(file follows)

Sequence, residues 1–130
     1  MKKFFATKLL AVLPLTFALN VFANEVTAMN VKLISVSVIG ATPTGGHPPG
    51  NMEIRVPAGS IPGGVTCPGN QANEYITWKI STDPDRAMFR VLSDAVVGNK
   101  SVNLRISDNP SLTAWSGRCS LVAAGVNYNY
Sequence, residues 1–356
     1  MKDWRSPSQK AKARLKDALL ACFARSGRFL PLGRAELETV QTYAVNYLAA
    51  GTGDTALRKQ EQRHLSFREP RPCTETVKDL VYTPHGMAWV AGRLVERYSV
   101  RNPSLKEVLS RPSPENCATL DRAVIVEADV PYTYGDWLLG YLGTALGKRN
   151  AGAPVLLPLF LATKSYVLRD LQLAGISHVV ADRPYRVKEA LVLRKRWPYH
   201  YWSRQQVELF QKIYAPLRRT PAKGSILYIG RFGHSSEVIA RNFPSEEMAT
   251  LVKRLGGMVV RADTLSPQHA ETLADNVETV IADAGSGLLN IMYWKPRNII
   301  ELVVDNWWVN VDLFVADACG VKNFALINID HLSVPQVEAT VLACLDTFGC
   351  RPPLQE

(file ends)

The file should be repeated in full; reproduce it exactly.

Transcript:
Sequence, residues 1–130
     1  MKKFFATKLL AVLPLTFALN VFANEVTAMN VKLISVSVIG ATPTGGHPPG
    51  NMEIRVPAGS IPGGVTCPGN QANEYITWKI STDPDRAMFR VLSDAVVGNK
   101  SVNLRISDNP SLTAWSGRCS LVAAGVNYNY
Sequence, residues 1–356
     1  MKDWRSPSQK AKARLKDALL ACFARSGRFL PLGRAELETV QTYAVNYLAA
    51  GTGDTALRKQ EQRHLSFREP RPCTETVKDL VYTPHGMAWV AGRLVERYSV
   101  RNPSLKEVLS RPSPENCATL DRAVIVEADV PYTYGDWLLG YLGTALGKRN
   151  AGAPVLLPLF LATKSYVLRD LQLAGISHVV ADRPYRVKEA LVLRKRWPYH
   201  YWSRQQVELF QKIYAPLRRT PAKGSILYIG RFGHSSEVIA RNFPSEEMAT
   251  LVKRLGGMVV RADTLSPQHA ETLADNVETV IADAGSGLLN IMYWKPRNII
   301  ELVVDNWWVN VDLFVADACG VKNFALINID HLSVPQVEAT VLACLDTFGC
   351  RPPLQE